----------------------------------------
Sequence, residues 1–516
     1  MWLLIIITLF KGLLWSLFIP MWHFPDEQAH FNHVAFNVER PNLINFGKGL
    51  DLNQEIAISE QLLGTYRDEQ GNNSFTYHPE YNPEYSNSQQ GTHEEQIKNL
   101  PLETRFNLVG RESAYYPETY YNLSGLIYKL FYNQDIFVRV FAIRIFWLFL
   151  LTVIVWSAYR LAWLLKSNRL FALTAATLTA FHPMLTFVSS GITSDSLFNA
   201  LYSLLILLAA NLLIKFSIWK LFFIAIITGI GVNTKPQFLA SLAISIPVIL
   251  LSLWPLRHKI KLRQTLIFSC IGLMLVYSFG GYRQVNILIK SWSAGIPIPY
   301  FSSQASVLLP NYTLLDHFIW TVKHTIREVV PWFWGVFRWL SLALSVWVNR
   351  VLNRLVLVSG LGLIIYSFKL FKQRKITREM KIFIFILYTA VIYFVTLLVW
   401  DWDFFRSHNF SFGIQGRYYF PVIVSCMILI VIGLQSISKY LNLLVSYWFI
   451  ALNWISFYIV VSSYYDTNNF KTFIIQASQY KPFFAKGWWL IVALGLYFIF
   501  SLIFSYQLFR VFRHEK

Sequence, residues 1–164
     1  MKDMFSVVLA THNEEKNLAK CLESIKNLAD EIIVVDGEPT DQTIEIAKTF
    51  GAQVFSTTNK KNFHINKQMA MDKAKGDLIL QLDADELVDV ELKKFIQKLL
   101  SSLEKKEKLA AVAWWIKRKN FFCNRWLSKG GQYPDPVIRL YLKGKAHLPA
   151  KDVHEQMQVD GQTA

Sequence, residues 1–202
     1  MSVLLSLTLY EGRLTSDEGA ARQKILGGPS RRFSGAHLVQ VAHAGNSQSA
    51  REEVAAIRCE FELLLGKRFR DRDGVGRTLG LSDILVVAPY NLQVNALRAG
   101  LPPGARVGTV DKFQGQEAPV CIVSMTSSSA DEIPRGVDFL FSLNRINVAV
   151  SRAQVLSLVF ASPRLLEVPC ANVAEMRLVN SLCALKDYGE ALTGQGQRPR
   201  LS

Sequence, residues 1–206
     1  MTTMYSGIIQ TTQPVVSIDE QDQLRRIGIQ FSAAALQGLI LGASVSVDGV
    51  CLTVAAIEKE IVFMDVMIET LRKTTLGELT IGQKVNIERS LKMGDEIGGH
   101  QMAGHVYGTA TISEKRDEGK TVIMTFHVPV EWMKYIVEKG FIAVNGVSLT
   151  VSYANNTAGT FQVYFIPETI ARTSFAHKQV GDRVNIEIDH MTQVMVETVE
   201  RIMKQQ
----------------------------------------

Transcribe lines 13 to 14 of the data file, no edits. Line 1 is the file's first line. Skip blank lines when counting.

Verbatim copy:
Sequence, residues 1–164
     1  MKDMFSVVLA THNEEKNLAK CLESIKNLAD EIIVVDGEPT DQTIEIAKTF